There’s a commercial on TV that asks: "What’s in your wallet?" The premise is, what can you count on when you really need it.
It got me thinking about another question more relevant to us in the fire service. "What’s in your station?"
When stuff happens, the stuff in our firehouse, particularly apparatus, has to work. It has to get us there, it has to pull all our tools and it has to pump water – basic ingredients for fire suppression.
That’s why a few members of my department spent Saturday having our pumps tested to National Fire Protection Association (NFPA) standards by a third-party, independent agent. We wanted to know that what we have in our station was going to perform as expected when needed.
NFPA says pump testing should be done every year on all apparatus, but if we’re honest, I’d bet there’s a bunch of departments who don’t do that. Our department is among them. Last time we had it done by a third-party, certified pump tester, was three years ago. And that’s because some guy in a pickup truck, who pretended to be a pump technician said our 20-year-old midship pumper needed a complete overhaul to the tune of more than $10,000. We didn’t believe him and an official pump test proved it. We have a new person checking our pumps now.
Anyway, our 1990 engine and our 2003 pumper-tanker, both with 1,250 pumps passed the test on Saturday with proverbial flying colors, both substantially exceeding their rated capacities, something that all well-maintained and operated pumps ought to do easily.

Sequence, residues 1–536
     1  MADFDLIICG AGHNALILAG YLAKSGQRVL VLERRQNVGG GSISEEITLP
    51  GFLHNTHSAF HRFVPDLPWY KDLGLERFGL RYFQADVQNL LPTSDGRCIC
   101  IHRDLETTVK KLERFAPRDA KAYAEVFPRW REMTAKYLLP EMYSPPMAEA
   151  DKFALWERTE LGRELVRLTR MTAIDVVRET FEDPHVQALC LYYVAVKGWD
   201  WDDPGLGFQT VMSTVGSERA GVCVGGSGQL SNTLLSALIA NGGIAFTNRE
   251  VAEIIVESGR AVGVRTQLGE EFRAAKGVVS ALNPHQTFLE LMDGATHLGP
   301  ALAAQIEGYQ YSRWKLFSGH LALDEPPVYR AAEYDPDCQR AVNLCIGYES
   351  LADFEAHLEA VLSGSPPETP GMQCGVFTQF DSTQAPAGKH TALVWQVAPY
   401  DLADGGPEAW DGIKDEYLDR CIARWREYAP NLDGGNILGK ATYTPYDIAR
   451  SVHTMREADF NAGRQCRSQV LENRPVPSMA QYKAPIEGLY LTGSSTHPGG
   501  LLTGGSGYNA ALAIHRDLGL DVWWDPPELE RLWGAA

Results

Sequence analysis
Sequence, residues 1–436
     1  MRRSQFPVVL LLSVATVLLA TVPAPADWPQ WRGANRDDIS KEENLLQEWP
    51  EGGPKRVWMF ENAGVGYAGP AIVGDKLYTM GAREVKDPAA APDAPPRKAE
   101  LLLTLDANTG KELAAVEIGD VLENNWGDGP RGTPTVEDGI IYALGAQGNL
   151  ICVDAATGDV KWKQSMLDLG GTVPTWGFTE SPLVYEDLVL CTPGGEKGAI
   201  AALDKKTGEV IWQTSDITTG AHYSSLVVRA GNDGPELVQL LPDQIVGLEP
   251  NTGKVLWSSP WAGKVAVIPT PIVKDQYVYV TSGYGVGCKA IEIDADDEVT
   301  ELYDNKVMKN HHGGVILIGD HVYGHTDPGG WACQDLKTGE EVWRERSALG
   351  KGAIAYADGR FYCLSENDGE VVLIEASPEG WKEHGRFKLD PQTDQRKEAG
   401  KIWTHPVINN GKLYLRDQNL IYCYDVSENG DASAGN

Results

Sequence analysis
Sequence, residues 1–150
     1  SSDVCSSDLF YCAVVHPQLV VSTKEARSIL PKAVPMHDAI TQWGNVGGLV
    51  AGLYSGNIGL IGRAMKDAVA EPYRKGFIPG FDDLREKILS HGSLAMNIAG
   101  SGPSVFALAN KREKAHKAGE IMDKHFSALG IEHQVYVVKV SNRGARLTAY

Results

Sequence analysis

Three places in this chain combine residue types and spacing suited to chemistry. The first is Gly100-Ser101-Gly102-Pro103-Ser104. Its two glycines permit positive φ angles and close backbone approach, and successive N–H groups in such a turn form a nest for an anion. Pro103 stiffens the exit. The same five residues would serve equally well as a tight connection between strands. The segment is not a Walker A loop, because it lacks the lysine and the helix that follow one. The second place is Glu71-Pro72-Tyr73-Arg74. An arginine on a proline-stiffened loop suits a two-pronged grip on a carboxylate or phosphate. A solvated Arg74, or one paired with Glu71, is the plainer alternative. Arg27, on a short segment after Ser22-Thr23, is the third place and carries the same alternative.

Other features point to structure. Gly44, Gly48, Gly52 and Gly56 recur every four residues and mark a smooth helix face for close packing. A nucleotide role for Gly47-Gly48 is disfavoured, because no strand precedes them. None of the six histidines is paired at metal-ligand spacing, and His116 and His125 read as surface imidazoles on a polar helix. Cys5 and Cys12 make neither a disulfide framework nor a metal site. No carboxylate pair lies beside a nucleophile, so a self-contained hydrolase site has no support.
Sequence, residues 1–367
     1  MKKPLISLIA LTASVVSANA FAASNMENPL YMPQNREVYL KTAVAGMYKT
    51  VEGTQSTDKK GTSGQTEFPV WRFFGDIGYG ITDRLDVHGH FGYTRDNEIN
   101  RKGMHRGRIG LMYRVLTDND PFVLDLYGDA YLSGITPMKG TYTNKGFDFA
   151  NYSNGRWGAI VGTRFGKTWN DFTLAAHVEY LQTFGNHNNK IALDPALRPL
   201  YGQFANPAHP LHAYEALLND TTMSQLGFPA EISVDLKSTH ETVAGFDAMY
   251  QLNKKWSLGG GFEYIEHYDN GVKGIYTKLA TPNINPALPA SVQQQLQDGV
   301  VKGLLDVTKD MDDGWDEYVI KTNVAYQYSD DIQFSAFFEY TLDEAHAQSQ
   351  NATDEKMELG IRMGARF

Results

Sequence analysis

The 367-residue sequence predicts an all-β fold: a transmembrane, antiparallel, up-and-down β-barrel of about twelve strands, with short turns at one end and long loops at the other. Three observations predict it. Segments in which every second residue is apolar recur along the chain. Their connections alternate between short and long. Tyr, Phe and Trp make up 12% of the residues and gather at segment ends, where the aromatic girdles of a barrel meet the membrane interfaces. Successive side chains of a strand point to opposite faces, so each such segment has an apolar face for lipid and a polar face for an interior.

Maintaining apparatus, and all equipment for that matter, should be a priority of every department. We all can’t have brand new stuff, but we should be able to keep our stuff in good nick and have it perform as if it were new. We have an obligation not only to our members, but to the public we serve.
A member of the public approached us during our testing, asked us what we were doing and was pleased to know not only did the practice of formalized pump testing exist, he was more impressed and pleased that his local department was doing it. He wasn’t so pleased the church baptism that brought him to the remote site was delayed by nearly 40 minutes as we finished the test in progress, but that’s another story.
In our department, we know new apparatus doesn’t come often and when it does, it’s at great expense. So, we’ve decided it’s best to spend a Saturday and a few hundred dollars to know for sure what we have in our station and take care of any problems the testing may have revealed. We want to know what we have in our station will do its job when we need it most.
Do you know what’s in your station? It might be time to take a peek.